Lisa B spotted a couple of lines of cotton prints more finely woven than the typical quilting fabric, better suited for nice apparel. Art Gallery Fabrics, represented by Cindy and Natalie Nelson have been designing fabric prints for about 5 years. Their designs are very attractive, with a focus on classic geometric and floral motifs. In the Beginning Fabrics, local to Seattle, were represented by six or seven people according to the show directory. hey seem to have quite a diverse range of print styles, from whimsical through antique patterns to pure textures. Lisa says their fabrics look better in person than on their website.

For contact information of all the vendors listed, go here in the forum.

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  1. Kathleen Fasanella says:

    So in the end, how many of you ended up meeting? The last I saw in the forum, you had ten or so people lined up. Sorry to hear the show was so small. I’m hoping you all got to meet up at least.

  2. My supplier, Barb Alexander from was there. Her fabrics are rayon and are just wonderful to work with. She’s also very easy to work with. I’m going to Bali with her in Oct/Nov to visit the factory where the fabric is made. I think of her as my personal designer…LOL. No minimums, high quality. Wholesale only.


  3. Leslie Wiberg says:

    I got there late on Saturday and although I spoke with Andrea D. via cell, I didn’t make eye contact with anyone. It is a shame too. There will be other opportunities, I hope. I get to Seattle and Portland several times a year.

    Rimmon did carry a wide range of fabrics, didn’t they. I ordered a red leather skin/hide (cow) from them. They also had some great other skins; lots of lamb and maybe one or two goat. I will have to keep in touch and make it to their Portland coffee house “show”.

    Also, Varley Enterprises, LLC from Portland, was there representing several lines. Quite an eclectic mix also. Troy Corp was one; a jobber with designer fabrics. I think I saw a lot of Nicole Miller in their samples. Prices were $2.00 and up per yd. 15 yd minimum. They carried some nice wools also.


    I hope Barb from the BatikButik did well. Her fabrics are very nice indeed.

    While talking with a long time vendor, he mentioned that the number of vendors at each show has declined in recent years. However, he did say that the spring show is a little larger/busier.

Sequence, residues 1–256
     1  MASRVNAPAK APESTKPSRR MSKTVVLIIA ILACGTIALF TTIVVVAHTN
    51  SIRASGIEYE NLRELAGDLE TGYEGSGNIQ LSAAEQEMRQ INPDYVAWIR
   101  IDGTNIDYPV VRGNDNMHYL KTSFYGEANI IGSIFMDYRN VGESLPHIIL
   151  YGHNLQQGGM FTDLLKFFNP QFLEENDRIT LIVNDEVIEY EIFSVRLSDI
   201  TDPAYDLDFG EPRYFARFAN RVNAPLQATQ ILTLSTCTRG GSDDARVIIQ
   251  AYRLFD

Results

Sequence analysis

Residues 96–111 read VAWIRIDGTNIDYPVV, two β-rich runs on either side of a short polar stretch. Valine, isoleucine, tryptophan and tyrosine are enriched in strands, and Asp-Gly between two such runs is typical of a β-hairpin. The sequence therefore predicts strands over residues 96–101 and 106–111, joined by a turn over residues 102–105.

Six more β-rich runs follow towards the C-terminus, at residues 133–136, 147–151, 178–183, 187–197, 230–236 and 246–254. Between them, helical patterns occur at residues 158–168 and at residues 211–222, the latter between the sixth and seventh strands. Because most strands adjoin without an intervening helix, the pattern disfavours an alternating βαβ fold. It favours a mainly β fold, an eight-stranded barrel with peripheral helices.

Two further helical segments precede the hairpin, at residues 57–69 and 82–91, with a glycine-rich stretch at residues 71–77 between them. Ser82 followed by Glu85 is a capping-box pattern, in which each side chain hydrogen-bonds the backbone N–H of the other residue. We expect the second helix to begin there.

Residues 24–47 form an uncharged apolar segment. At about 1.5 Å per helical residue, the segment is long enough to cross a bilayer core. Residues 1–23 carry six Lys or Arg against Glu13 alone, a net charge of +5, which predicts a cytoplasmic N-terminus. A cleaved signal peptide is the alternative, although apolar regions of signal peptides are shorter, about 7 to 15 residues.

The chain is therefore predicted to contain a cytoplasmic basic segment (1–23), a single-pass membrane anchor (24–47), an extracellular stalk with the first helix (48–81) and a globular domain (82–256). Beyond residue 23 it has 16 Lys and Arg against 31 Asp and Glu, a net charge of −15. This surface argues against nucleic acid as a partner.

4. Hi Stuart,

    I like very much your post and it seemed to me very informative also. This used to be a big show, but in the latter years our rep Cindy thinks that it is organized itself very poorly and it was declining in size and importance. It didn’t have good promotion and does not have a real representation of all the types of textiles on the market. I feel that it is a shame, since these shows are made for costumers who often cannot be present at shows so big as Quilt Market due to the costs or don’t want to travel that far. Our designs were very well accepted and they happen perform very well in that area, we have many fans.


  5. Mark Santangelo says:


    Good morning

    My name is Mark Santangelo and I was reading your article about NW Show. My wife and I recently purchased the show. I have been involved with the show since it’s beginning in 1995. Before the NW Show there was a distributor show, The Aptex Show, which goes back to the early 60’s. I worked for Aptex since 1978 and was the GM until it’s sale in 2006. Aptex would attend the NW show with 10-15 booths with dress goods, jobbed goods and a full line of sewing notions. We stocked over 40,000 items, all sewing related, in our warehouse located 12 miles south of Seattle in the South Center mall area. We ran shuttles back and forth during the show for customers who wanted to make purchases or just run there hand over thousands of different fabrics and complete line of notions. But that was then and this is now.

    We intend to make some changes to the show in an effort to fill some gaps. Attracting a notion vendor will be priority and more dress good vendors and jobbers as well. You mentioned in your article that the show was close to you. I am located in Kent, WA and would like to talk with you to discuss what you feel you and your group would like to see more or less of in future shows.


    Mark & Christine Santangelo
    The NW Fabric & Notion Show